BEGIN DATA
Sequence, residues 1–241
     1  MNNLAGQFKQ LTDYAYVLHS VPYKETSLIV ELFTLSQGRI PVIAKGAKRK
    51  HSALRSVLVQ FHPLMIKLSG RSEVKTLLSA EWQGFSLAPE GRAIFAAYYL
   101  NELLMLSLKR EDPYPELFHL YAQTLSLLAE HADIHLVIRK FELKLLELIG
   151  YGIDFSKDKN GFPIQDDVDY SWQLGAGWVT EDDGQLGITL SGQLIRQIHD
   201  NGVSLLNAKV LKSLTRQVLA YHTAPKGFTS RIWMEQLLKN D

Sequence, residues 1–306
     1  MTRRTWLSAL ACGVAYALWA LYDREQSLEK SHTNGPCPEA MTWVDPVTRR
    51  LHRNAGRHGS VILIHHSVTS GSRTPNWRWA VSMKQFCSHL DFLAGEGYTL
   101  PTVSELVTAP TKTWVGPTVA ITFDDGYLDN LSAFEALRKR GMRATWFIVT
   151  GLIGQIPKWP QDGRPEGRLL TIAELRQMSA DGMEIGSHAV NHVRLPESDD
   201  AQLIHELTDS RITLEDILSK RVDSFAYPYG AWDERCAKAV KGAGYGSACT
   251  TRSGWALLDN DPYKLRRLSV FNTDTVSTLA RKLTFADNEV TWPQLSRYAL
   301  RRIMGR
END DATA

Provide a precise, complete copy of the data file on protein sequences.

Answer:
Sequence, residues 1–241
     1  MNNLAGQFKQ LTDYAYVLHS VPYKETSLIV ELFTLSQGRI PVIAKGAKRK
    51  HSALRSVLVQ FHPLMIKLSG RSEVKTLLSA EWQGFSLAPE GRAIFAAYYL
   101  NELLMLSLKR EDPYPELFHL YAQTLSLLAE HADIHLVIRK FELKLLELIG
   151  YGIDFSKDKN GFPIQDDVDY SWQLGAGWVT EDDGQLGITL SGQLIRQIHD
   201  NGVSLLNAKV LKSLTRQVLA YHTAPKGFTS RIWMEQLLKN D

Sequence, residues 1–306
     1  MTRRTWLSAL ACGVAYALWA LYDREQSLEK SHTNGPCPEA MTWVDPVTRR
    51  LHRNAGRHGS VILIHHSVTS GSRTPNWRWA VSMKQFCSHL DFLAGEGYTL
   101  PTVSELVTAP TKTWVGPTVA ITFDDGYLDN LSAFEALRKR GMRATWFIVT
   151  GLIGQIPKWP QDGRPEGRLL TIAELRQMSA DGMEIGSHAV NHVRLPESDD
   201  AQLIHELTDS RITLEDILSK RVDSFAYPYG AWDERCAKAV KGAGYGSACT
   251  TRSGWALLDN DPYKLRRLSV FNTDTVSTLA RKLTFADNEV TWPQLSRYAL
   301  RRIMGR